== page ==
Making a Curry Paste from Scratch
by Kasma Loha-unchit
There are few gastronomic delights more satisfying than curries made from freshly ground pastes. The flavors of a good, homemade paste surpass even the very best pastes imported from the kitchens of Bangkok. Moreover, paste making is a fun activity and a deeply stimulating experience. The aromas of all the spices and herbs are released as they are pounded in the stone mortar, and the olfactory nerves are rewarded with unexpected pleasures.
One of my students regained her sense of smell – which she had lost following an accident – as her nose was stimulated by the aromas from the herbs used in paste making. Others have found the process of pounding and grinding to be therapeutic in itself, regarding it as a safe way to release pent-up tension and suppressed aggression. One of these students, who had traveled extensively in Thailand, swore that the Thai people she met were as gentle as they were because they spent so much time pounding and chopping and cooking in the kitchen. She stayed with families in rural areas and awoke each morning to the sound of the rhythmic pounding of the mortar and pestle coming from the kitchen. It seemed to her that their aggressions were directed and transformed into something useful and creative, rather than harmful and destructive.
Pounding up a storm in the kitchen certainly can relieve frustration, anger and depression as well as produce a great meal and the resulting feeling of accomplishment. The sharing of the meal restores a sense of harmony and connectedness with others. Energy is transformed from negative to positive, and everyone gains.
These therapeutic benefits are not forthcoming, however, if you are rushing against time in the kitchen. Paste making can be a very engaging process, and time constraints will only produce stress rather than relieve it. The benefits are also lost if you try to take a short-cut by using a food processor, rather than the age-old mortar and pestle.
A food processor mainly chops and shreds, and unless liquid is added, you end up with a coarsely chopped mixture, not a paste. Grinding and pounding with a heavy mortar and pestle, on the other hand, crush the fibers of herbs, releasing the essential oils that hold the flavors and aromas. That is why herbs that appear fibrous and dry become very moist when pounded. A pounded paste is immensely aromatic and has a breadth and depth of flavor lacking in a processed mixture.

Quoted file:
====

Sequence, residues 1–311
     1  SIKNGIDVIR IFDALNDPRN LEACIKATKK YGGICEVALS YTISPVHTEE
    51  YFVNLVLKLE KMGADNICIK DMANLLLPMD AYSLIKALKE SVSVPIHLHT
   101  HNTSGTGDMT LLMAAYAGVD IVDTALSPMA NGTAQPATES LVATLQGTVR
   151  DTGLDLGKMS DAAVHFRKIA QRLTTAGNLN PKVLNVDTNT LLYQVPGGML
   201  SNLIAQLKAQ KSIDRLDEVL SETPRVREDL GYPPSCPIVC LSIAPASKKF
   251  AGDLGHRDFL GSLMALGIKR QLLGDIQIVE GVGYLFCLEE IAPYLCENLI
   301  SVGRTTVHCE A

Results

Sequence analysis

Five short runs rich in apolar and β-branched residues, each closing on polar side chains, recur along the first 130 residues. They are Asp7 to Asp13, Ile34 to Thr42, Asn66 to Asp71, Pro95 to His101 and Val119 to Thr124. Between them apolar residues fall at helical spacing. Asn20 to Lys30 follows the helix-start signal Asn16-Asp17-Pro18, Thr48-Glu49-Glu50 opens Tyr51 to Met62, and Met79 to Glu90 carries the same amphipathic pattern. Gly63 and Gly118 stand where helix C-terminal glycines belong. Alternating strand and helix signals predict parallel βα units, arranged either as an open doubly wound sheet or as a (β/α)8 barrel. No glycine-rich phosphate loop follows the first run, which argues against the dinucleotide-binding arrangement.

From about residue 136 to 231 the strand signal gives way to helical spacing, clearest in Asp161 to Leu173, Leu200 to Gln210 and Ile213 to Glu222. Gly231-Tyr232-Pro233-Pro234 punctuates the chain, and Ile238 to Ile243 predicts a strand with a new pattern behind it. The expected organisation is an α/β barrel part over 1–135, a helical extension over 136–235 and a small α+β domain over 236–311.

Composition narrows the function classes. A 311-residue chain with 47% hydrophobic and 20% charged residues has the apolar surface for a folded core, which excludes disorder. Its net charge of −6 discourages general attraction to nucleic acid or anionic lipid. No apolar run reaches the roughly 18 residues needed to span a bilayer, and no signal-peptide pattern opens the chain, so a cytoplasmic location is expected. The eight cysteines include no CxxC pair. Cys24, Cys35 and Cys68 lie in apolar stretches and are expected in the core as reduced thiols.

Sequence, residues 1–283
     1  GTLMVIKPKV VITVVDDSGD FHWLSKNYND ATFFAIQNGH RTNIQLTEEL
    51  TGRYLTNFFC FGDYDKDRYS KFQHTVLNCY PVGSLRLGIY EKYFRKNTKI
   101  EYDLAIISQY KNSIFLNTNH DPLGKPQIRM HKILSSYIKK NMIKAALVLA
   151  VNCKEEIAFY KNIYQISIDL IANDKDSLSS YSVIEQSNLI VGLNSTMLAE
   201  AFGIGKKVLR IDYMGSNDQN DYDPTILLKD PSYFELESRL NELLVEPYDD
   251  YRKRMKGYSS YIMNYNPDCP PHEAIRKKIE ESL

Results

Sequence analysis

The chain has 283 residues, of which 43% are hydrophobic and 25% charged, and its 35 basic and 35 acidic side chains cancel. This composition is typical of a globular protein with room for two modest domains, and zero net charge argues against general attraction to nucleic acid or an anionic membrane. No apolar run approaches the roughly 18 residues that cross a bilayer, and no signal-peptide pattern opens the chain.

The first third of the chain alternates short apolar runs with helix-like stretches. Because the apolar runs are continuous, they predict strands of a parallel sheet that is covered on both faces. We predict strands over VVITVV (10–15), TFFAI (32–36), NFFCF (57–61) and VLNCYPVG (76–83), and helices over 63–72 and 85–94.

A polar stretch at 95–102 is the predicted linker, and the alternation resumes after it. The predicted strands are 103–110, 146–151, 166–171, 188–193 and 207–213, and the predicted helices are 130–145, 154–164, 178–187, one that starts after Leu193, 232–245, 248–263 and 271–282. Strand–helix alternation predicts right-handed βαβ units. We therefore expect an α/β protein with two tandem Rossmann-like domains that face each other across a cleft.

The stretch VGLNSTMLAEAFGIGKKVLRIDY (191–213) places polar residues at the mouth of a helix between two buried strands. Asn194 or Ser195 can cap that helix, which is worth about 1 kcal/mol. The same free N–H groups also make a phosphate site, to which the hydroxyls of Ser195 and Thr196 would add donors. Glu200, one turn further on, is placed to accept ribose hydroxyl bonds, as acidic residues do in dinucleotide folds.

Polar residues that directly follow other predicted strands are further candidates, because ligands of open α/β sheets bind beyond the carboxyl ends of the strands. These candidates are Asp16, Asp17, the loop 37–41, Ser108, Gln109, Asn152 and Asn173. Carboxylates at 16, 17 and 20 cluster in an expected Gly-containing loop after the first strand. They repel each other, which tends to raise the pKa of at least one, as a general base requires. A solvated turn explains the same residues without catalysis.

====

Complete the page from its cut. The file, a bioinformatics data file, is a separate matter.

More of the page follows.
One of my students – who would have preferred to make everything in the food processor – decided to make two pots of curries using the same recipe. One was made with the paste created entirely by pounding in a stone mortar, and the other was made with paste produced in the food processor. Upon tasting, his wife immediately identified the curry made the traditional way; the flavors were just so much more alive.
When you are short on time, you may need to use short-cuts. Just be aware of the trade-offs and decide if you are willing to sacrifice taste for an extra half hour of your time. Also, remember that not all short-cuts work and may, instead, lead to frustration. As you are learning the intricacies of Thai cooking, it is important to follow guidelines as closely as possible and learn what each step contributes to the final result. When you have gained a better understanding of the whys and hows of the traditional methods, then you can begin to take short-cuts, noting as you do what is being sacrificed along the way. You may find certain steps are not as crucial as others and discover a short-cut that works well for you in your kitchen without compromising flavor – it may even add a special twist that you prefer. But unless you already know the way to get some place, you may get lost taking a short-cut.
Offsite: Easy Thai Green Curry Recipe, an Interview with Kasma Loha-unchit, and Musings on Thai Curry Pastes. (Opens in new page.)